Both players then refilled their hands with the help of Sphinx's Revelation. Thompson's Restoration Angel continued to apply pressure and he followed it up with Augur of Bolas, netting him another copy of Think Twice.

    The Angel's attack was then halted by Azorius Charm, to which Steiner responded with Snapcaster Mage. This got Thompson back Counterflux, forcing through the attack of the Angel.

    Once again, Steiner had to use Sphinx's Revelation, looking for answers.

    Steiner now knew what Thompson was holding on to!

    Steiner took a peek at Thompson's hand with the help of Duress. He then played Augur of Bolas, adding Supreme Verdict to his hand. It resolved shortly after, levelling the field. Steiner discarded and Thompson thought about that twice, drawing yet more cards.

    When nothing happened on Thompson's following turn, Steiner felt compelled to use Nephalia Drownyard again. Thompson flashbacked Think Twice and he then followed it up with Snapcaster Mage to play Psychic Spiral, costing Steiner 21 cards from his deck!

    "How many cards do you have in your deck?" - "38", Thompson replied. Jace, Memory Adept came down. "Mill 10?", Thompson asked. "Yeah", Steiner replied. As soon as Thompson announced that this was fine with him, Steiner flashed Psychic Spiral. "Good games!", Thompson congratulated his opponent.

    Stefan Steiner beats Gerry Thompson 2:1

    The sizes of the decks seemed like a rollercoaster ride in this match, with Steiner ending up in the better position and coming out on top.

    Asked about the crucial play in the last game, both players agreed that Duress proved extremely important. Steiner knew exactly what Thompson would be able to stop after he took a look at his hand, allowing him to set up a game deciding combo with Jace and Psychic Spiral shortly after!


  • Saturday, 6:59 p.m. – Quick Question: Seen any unusual card or deck today?

    by Tobi Henke

  • Gerry Thompson: Aurelia, the Warleader when I played it. Yay, dragons!
    Jan van der Vegt: GerryT's Aurelia.
    Raphaël Lévy: No. Nothing unusual. Thragtusk. [Shrug.]
    Thomas Holzinger: My Reanimator opponent had Gnaw to the Bone!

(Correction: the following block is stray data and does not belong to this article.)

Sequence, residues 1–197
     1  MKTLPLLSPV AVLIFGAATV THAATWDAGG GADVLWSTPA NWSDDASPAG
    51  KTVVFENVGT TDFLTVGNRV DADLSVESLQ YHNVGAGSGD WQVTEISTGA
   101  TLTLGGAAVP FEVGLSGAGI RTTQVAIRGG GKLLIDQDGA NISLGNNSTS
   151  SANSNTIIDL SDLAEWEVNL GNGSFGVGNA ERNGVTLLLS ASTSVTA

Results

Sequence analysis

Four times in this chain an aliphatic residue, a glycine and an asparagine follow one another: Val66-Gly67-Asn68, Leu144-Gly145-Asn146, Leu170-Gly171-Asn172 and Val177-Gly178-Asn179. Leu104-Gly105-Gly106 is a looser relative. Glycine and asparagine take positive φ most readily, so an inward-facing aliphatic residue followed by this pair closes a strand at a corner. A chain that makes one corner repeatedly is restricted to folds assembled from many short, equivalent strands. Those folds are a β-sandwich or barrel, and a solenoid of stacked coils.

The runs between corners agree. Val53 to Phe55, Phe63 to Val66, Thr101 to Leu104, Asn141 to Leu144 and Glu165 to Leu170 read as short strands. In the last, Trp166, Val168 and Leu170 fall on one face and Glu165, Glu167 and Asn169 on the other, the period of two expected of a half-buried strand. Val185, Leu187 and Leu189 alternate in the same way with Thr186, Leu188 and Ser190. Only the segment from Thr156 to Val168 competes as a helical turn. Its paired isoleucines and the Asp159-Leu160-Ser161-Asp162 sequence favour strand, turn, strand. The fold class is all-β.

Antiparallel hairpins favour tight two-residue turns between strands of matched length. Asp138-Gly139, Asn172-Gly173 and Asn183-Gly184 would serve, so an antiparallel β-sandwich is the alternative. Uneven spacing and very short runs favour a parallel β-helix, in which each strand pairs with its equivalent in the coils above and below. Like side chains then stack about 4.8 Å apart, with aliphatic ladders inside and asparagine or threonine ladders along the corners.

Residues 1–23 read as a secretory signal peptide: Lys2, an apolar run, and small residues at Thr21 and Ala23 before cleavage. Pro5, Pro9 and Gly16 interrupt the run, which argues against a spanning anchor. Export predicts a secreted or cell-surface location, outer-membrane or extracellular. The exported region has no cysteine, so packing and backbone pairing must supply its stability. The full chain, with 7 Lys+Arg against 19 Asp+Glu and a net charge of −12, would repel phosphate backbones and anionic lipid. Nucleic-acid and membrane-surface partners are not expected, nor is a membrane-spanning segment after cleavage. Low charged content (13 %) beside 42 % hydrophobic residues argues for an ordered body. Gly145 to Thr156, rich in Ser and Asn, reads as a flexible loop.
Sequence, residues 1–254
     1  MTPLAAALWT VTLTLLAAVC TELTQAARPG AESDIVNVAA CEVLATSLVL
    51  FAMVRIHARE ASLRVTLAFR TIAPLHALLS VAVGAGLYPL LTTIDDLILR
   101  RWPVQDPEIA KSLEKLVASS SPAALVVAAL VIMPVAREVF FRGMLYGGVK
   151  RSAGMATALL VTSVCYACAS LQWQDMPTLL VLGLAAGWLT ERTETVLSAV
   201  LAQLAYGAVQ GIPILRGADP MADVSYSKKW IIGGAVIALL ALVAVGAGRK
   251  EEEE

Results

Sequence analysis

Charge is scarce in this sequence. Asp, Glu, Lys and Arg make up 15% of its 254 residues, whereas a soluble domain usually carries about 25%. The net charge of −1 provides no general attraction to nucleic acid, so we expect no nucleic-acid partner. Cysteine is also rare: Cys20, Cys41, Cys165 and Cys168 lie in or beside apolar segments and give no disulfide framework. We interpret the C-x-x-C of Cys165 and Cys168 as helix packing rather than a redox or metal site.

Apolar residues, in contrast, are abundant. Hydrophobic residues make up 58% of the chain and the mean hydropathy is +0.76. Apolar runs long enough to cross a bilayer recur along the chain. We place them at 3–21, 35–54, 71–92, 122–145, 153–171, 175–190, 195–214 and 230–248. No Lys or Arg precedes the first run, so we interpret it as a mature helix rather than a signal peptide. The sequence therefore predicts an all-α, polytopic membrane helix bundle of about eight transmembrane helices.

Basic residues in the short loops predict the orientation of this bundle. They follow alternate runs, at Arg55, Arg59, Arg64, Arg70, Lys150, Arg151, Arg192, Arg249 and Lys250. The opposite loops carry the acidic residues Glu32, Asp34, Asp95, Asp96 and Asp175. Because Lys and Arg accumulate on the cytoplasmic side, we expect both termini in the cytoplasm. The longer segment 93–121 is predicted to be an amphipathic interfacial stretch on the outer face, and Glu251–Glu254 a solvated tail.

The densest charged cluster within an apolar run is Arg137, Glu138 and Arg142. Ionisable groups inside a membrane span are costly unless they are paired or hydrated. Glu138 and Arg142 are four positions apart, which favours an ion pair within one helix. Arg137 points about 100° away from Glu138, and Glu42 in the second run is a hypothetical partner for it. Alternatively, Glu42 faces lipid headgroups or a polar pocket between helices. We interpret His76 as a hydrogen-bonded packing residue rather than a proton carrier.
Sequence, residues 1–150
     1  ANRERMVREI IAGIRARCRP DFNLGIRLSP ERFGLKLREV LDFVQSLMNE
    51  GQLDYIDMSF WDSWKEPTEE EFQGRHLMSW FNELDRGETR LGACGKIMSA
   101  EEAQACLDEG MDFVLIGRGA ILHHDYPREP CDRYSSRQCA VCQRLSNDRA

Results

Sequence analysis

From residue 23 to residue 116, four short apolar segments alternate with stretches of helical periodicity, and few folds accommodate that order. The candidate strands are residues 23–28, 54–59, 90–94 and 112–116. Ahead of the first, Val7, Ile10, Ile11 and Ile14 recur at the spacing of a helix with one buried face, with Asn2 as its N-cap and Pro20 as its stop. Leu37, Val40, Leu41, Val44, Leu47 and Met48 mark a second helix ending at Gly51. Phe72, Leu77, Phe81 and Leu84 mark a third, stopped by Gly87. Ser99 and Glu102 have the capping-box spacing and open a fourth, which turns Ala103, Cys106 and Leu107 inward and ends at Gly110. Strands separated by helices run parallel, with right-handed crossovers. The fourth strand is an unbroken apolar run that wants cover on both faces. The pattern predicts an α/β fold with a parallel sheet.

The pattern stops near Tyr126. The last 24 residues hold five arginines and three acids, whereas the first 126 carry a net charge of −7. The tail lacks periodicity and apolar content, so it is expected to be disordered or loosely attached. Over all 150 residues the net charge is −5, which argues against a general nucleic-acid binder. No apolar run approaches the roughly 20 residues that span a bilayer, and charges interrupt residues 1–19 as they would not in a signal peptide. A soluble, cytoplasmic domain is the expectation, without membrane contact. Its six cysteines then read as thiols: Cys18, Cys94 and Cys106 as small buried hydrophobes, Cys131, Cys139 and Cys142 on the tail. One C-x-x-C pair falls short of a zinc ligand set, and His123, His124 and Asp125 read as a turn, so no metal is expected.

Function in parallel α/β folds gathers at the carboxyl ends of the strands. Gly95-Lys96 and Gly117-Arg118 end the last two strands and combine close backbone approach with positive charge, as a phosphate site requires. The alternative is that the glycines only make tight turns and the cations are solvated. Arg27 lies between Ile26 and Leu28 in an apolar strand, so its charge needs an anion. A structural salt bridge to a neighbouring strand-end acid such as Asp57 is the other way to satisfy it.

Martin Jůza: Undercity Informer doesn't cut it, I guess?
    Samuel Black: Prime Speaker ZeganaBant.
    Shahar Shenhar: My opponent was stuck on five lands for a couple of turns. Then he played Cavern of Souls and chose Angel, so I figured I'd now lose to Aurelia. Then he triumphantly cast Angelic Skirmisher. I lost to that one too, but still...


  • Feature Match Round 8 – Tzu-Ching Kuo (Human Reanimator) vs. Joel Calafell (Human Reanimator)

    by Oliver Gehrmann

  • We've made it to round 8, the second to last round we'll be playing today. We invited two undefeated players to our feature match table: Joel Calafell, winner Grand Prix Barcelona back in 2009, who will now have to go up against the globetrotting Tzu-Ching Kuo.

    Calafell won the die roll, but shuffled back his first hand. Kuo was fine with the first 7 cards his deck dealt him. Calafell let out a sigh when he took a close look at the 6 cards he got, but he eventually decided that he was fine with them.

    After only a Land drop for Calafell, Kuo kicked things off with Faithless Looting, improving his hand.

    First Kuo, then Calafell used Mulch on their respective next turns, each adding 2 Lands to their hands. No Mana Screw in this match!

    Kuo Flashbacked Faithless Looting on his third turn, while Calafell kept adding Lands, this time courtesy of Farseek. Kuo found yet another Faithless Looting. At the end of his opponent's turn, Calafell activated Grisly Salvage, selecting Sunpetal Grove.

    We were still waiting for the first creature to hit the field, but it seemed like it wasn't meant to happen. This time, Calafell went digging with Faithless Looting. Kuo started to seem slightly annoyed, did he feel like he was losing the war of attrition? A Flashbacked Faithless Looting provided Calafell with yet more options and play was back to Kuo.

    Unburial Rites brought back Undercity Informer - the first creature in play!

    Calafell was down to 3 cards in hand while Kuo was still holding twice that many. A Land drop was followed by Angel of Glory's Rise, bringing back Huntmaster of the Fells as well as Fiend Hunter. Kuo sacrificed Undercity Informer for its own effect in response to make sure it wouldn't get exiled by the effect of Fiend Hunter.

    Kuo was applying lots of mental pressure on Calafell when he started to look through his grave. He took his time, assembling Huntmaster of the Fells and more powerful Humans all on one pile. He cast an Angel of Glory's Rise of his own, immediately causing Calafell to shuffle up his cards!

    Tzu-Ching Kuo 1 - 0 Joel Calafell

    So far, Kuo hadn't said more than 10 words in this match. He certainly made it look like he was at the top of his game, quietly controlling things, not committing to make any mistakes, while Calafell seemed to be under a lot more tension.